BUDGET HATCH SHOOTOUT | 2020 Suzuki S-Presso vs Hyundai Atos
New vehicle sales are on the rebound. But the forecasts for a return to pre-pandemic levels of market activity are cautiously optimistic.
One thing that analysts have asserted in unison, is the continuation of a buying-down trend. A believable prediction, as most consumers seek to regain a stable financial footing, in the wake of Covid-19.
If you are looking to enter the world of new car ownership, bound by a strict budget, then keep reading. This applies, too, if your motoring journey has come full circle and circumstances dictate a drastic scaling down of automotive expenditure.
Featured on these pages are two of the most affordable ways into personal mobility on four wheels. The newer and cheaper of the duo is the Suzuki S-Presso, launched earlier this year. Pricing kicks off at R139,900, while the grandest S-Edition model grade with an automated-manual transmission will set you back R166,900. On test here is the S-Edition manual, costing R152,900.
The green South Korean scallop alongside it is the Hyundai Atos, a nameplate with which the South African market is well acquainted, having first made an appearance as far back as the late nineties. There is one model grade in the range, the Motion trim level with a manual transmission priced at R165,900.
Beneath its stubby front-end, the Suzuki houses a 998cc, three-cylinder, normally-aspirated petrol power source. It motivates the 750kg body effusively, though this momentum is accompanied by a din that can grow fatiguing. Power is rated at 50kW and 90Nm.
The Hyundai is better served by an additional cylinder and a slightly bigger displacement, at 1,086cc. It too is gasoline-powered and normally-aspirated. Though the output closely matches that of the Suzuki (50kW and 99Nm), it requires less of a thrashing to coax progress out and performs with less clatter. The Atos tips the scales at 866kg. Claimed consumption figures for either vehicle range between 4.9l/100km and 5.7l/100km respectively, numbers that are realistic in their promises. The Hyundai has a bigger fuel tank (35l) versus 27l in the Suzuki.
Aside from having a greater mass than its counterpart, the lower ride height and wider footprint of the Hyundai holds it in superior stead dynamically. With a ground clearance of 165mm it could be likened to a low-slung coupé in comparison to the 180mm of the S-Presso. Of course, this tippy-toed benefit becomes especially clear when the prospect of a gravel road looms. But on the freeway and around town, the superior sure-footedness of the Atos cannot be disputed.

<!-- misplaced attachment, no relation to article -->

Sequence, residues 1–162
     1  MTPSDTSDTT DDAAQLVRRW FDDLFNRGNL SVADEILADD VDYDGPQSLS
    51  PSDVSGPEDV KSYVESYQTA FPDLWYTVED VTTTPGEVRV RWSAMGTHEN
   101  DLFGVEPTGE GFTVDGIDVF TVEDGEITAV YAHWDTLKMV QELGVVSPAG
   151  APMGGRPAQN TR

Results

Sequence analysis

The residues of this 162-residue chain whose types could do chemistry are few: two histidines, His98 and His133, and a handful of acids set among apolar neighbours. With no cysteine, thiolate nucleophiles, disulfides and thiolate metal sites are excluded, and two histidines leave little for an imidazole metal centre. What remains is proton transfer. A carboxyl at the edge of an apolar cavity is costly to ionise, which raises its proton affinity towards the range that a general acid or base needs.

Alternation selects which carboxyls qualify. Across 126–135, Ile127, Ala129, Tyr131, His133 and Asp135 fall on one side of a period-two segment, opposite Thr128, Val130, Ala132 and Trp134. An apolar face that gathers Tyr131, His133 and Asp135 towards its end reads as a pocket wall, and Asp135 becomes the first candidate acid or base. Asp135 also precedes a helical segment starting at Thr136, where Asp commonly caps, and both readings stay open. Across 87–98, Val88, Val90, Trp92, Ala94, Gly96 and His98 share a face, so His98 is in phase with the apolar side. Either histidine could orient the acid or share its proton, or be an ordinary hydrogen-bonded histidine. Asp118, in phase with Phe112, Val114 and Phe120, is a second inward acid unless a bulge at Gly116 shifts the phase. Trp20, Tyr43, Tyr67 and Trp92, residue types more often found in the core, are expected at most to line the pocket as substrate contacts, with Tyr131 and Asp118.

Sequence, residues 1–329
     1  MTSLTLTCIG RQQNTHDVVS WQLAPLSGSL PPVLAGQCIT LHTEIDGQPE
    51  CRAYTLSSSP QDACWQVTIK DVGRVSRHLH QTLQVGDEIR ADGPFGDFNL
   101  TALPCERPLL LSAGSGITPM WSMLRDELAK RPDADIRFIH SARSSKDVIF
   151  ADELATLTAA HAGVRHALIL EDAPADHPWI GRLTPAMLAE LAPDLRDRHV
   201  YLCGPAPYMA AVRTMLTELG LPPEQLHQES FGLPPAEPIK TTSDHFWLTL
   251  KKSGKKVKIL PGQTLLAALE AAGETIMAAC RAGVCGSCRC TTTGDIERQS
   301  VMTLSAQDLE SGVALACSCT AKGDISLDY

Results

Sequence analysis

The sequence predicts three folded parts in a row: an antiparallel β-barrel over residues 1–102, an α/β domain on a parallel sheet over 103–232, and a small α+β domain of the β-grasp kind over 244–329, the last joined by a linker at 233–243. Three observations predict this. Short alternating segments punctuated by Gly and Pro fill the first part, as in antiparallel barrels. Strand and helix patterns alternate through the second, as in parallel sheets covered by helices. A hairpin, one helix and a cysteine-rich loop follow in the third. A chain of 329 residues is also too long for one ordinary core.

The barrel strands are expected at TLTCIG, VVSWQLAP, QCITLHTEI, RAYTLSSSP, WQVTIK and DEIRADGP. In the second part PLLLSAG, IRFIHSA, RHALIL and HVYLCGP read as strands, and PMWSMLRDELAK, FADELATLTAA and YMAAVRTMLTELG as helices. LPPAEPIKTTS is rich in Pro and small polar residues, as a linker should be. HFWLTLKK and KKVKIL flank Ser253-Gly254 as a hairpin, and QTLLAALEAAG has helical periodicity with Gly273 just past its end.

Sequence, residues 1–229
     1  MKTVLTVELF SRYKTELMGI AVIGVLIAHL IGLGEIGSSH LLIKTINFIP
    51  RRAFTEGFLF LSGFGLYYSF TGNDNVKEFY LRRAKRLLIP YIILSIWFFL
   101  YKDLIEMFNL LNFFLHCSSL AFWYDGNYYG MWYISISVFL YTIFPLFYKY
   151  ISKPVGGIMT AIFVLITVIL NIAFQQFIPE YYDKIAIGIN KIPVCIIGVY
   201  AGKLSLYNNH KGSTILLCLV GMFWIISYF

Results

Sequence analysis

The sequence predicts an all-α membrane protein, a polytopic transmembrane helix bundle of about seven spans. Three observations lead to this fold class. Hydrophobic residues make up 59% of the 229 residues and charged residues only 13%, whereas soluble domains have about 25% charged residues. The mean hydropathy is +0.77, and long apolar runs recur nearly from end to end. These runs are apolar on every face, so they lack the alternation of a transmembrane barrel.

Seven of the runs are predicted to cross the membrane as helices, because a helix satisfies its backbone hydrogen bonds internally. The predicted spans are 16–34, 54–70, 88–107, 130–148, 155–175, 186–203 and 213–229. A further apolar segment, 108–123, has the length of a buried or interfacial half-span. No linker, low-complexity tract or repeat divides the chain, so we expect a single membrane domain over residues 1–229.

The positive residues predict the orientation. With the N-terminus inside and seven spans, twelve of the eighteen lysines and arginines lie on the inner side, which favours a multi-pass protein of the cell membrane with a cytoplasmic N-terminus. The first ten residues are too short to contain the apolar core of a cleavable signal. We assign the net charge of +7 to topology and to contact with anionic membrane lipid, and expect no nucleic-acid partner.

This grown-up sense could be used to describe its cabin too. While dour, with an abundance of grey and black shades, tactile quality was impressive. The materials employed in the S-Presso were of an equally commendable standard, considering the price point, with a cheerful ambience courtesy of accents matching the exterior shade and an oversized spherical frame for the centre fascia à la Mini Cooper.
From behind the wheel, its tall and upright seating position was likened to that of a lawnmower, by one staffer. In the Hyundai, one is seated noticeably lower. A mere 4l of luggage capacity separates the two cars, 235l in the Atos and 239l for the S-Presso.
In either model, there is no dearth of basic kit. Standard fare includes air-conditioning, electric windows, while the Hyundai even has steering-mounted audio controls. The Suzuki lacks such a convenience, but it counters with the inclusion of rear parking sensors and a reverse camera.
Shoppers will be happy to know that neither car skimps in the connectivity and infotainment stakes, as both pack comprehensive touchscreen systems. These set-ups offer Android Auto and Apple Car Play integration as well, essential in 2020.
Now to address the area in which cars of this category often fall short: safety. No need to reference the Renault Kwid and Datsun Go handbooks on how not to do it – you would have read our countless diatribes by now.
Are these cars any better? Well, in the case of the Hyundai, the answer is yes, but only slightly. It has dual front airbags, anti-lock brakes and electronic brake-force distribution. But it only mustered two stars in its round of Global NCAP crash tests. The Suzuki has the same trio of amenities, but is yet to be tested by Global NCAP.
Hyundai offers a seven-year/200,000km warranty and one-year/15,000km service plan, while Suzuki gives a five-year/200,000km warranty and two-year/30,000km service plan.
The lower price, quasi-crossover persona and lengthier service plan of the Suzuki S-Presso are compelling reasons to look in its direction. But the Hyundai feels decidedly more substantial from behind the wheel – and its safety credentials, though not spectacular – are proven.